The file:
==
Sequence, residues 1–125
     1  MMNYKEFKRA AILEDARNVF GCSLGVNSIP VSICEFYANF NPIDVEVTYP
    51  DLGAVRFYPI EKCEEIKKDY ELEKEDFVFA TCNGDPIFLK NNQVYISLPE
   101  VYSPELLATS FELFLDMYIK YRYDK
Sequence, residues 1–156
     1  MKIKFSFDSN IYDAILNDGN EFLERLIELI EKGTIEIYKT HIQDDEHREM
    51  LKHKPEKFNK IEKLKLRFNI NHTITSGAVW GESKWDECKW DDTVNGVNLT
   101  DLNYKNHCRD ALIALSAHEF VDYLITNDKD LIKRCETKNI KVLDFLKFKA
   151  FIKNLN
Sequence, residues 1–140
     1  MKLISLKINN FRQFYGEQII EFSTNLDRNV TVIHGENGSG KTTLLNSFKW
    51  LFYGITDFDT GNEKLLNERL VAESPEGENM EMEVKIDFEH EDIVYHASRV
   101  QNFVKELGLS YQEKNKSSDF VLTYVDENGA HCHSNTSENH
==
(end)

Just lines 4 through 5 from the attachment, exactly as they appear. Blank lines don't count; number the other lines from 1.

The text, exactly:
   101  VYSPELLATS FELFLDMYIK YRYDK
Sequence, residues 1–156